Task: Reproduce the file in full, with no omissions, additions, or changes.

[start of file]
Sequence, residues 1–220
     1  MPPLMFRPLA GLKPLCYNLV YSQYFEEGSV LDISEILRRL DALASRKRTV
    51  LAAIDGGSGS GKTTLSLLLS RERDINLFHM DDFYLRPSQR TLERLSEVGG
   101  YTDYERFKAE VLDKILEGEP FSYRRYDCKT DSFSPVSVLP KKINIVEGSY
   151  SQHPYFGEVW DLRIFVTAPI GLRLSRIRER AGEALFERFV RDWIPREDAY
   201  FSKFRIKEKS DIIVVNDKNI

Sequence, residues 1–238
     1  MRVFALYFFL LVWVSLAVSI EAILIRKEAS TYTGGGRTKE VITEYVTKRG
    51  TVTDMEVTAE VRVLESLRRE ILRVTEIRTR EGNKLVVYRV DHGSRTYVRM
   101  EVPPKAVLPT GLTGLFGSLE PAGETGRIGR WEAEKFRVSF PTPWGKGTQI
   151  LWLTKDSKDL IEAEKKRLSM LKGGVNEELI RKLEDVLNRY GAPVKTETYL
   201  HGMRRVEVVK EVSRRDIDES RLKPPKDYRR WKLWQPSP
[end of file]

Sequence, residues 1–220
     1  MPPLMFRPLA GLKPLCYNLV YSQYFEEGSV LDISEILRRL DALASRKRTV
    51  LAAIDGGSGS GKTTLSLLLS RERDINLFHM DDFYLRPSQR TLERLSEVGG
   101  YTDYERFKAE VLDKILEGEP FSYRRYDCKT DSFSPVSVLP KKINIVEGSY
   151  SQHPYFGEVW DLRIFVTAPI GLRLSRIRER AGEALFERFV RDWIPREDAY
   201  FSKFRIKEKS DIIVVNDKNI

Sequence, residues 1–238
     1  MRVFALYFFL LVWVSLAVSI EAILIRKEAS TYTGGGRTKE VITEYVTKRG
    51  TVTDMEVTAE VRVLESLRRE ILRVTEIRTR EGNKLVVYRV DHGSRTYVRM
   101  EVPPKAVLPT GLTGLFGSLE PAGETGRIGR WEAEKFRVSF PTPWGKGTQI
   151  LWLTKDSKDL IEAEKKRLSM LKGGVNEELI RKLEDVLNRY GAPVKTETYL
   201  HGMRRVEVVK EVSRRDIDES RLKPPKDYRR WKLWQPSP